A few years ago I had a bad first date with a youth pastor.
He offered to pick me up around 7pm so we could have dinner on the other side of town by 7:30pm.
Around 9:30pm he arrived without an apology or an acknowledgment of his lateness.
The restaurant was closed when we got there, so he drove around looking for other alternatives.
During the commute he skipped a few stop signs, drove through a few red (not yellow) lights, and stayed at least 20 miles above the limit on all the neighborhood streets.
“Shouldn’t you put your seat belt on?” I asked cooly.
“Nah, I don’t wear them.”
I tried to stay as upbeat as possible.
During dinner we chatted about the city, about family, about education policy, and about the best 90’s video games.
He mentioned that his grandmother had just passed away.
She had been instrumental in raising him and was more like a mother to him.
He lived with her, and only her, for the first sixteen years of his life.
He’d spent a few hours drinking before he picked me up, and a few hours driving after that.
Alternative Teaching Certification Programs are much like that.
They’re criticized for being inappropriate.
They’re criticized for creating harm by failing to reflect on past best practices.
They’re accused of breaking down systems, not repairing them.
To be fair, this isn’t an indictment of Teach for America or similar kinds of programs.
After all I’m a graduate of an alternative certification program, and someone who has benefited from initiatives that TFA engineered.
But I think we should be critical of everything, and we should always listen to the arguments of the opposing side. Mutually beneficial solutions evolve from compromise.
TFA opponents believe that the program is harmful to schools and communities. It starts from the faulty premise that individuals with no prior experience in a chosen field can become competent, proficient facilitators within 5-7 weeks.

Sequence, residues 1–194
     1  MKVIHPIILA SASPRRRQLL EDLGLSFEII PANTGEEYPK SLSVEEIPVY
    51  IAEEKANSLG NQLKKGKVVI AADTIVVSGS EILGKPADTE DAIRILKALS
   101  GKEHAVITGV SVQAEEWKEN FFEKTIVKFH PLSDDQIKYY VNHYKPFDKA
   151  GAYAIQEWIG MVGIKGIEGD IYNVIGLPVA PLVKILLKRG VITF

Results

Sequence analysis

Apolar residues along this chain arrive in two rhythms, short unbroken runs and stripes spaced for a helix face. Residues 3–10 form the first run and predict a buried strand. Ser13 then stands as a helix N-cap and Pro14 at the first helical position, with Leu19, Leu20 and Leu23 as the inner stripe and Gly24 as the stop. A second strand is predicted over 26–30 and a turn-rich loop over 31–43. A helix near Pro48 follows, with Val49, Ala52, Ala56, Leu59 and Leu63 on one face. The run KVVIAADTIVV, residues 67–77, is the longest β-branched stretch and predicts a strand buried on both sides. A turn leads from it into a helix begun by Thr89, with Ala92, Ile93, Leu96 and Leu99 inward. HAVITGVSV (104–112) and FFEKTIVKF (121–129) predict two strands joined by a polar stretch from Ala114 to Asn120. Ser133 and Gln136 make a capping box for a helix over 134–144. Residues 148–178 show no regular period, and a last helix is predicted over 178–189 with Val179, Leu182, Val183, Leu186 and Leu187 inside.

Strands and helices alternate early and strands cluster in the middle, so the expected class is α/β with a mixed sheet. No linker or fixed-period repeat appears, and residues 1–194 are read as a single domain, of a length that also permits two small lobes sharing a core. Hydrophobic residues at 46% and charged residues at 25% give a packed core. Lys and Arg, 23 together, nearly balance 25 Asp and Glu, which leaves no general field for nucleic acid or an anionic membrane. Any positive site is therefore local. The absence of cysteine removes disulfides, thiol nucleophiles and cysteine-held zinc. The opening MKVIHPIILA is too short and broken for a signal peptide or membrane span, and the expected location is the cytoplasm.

- In communities where experienced and highly trained educators are most needed, unqualified novices are placed instead.
- Competent and certified educators are being displaced by these unprepared and inexperienced recent college graduates.
- Due to the length of the service requirement, staff turn-over negatively impacts these urban schools, which are most in need of stability—a consistent cadre of educators who are embedded within the community.
TFA supporters believe that TFA has a stellar reputation for being a positive change agent in urban education. TFA has provided funding and training for various ancillary organizations; it is making real strides to provide quality education for all.
- Alumni consistently speak fervently and passionately about strategies for improving urban schools. They are leading the charge for education reform.
- Students under TFA tutelage have spoken about the quality education they received and the opportunities they were afforded as a result.
- TFA’s nationwide impact and ongoing growth serve as confirmation that it produces necessary results.
The youth pastor had been in a horrible car accident a short while ago.
His car flipped over, and he landed under water. Water began to rise, and he anticipated drowning. He could feel the panic set in as the water rose; he was trapped by his seat belt.
With the one hand he was able to free, he pulled and tugged at the belt. He looked around for a piece of glass he could use to free himself. He didn’t want to elaborate. He just chooses never to wear seat belts.
They don’t keep you safe.
I want to believe that the debate over Teach for America is a simple one.
On its face, displacing experienced educators with inexperienced idealists is wrong, and creates a lasting negative impact.
Offering a 5-7 week training period for new educators is disrespectful to the profession and is disrespectful to the process experienced educators have gone through.
Educators should be in an uproar.
Policymakers should raise awareness.
Parents should protest and picket. We should be outraged.
But for every embittered educator, I’ve met an enlightened agitator: scores of satisfied TFA “customers;” alumni, graduates of TFA-impacted schools, parents of children of TFA-impacted schools, TFA-impacted school leadership– all excited to be a part of an innovative movement to provide solutions for struggling schools.
They are proud.
They are committed.
Regardless of which side they’re on, they are convinced they are right.
Would you Teach for America?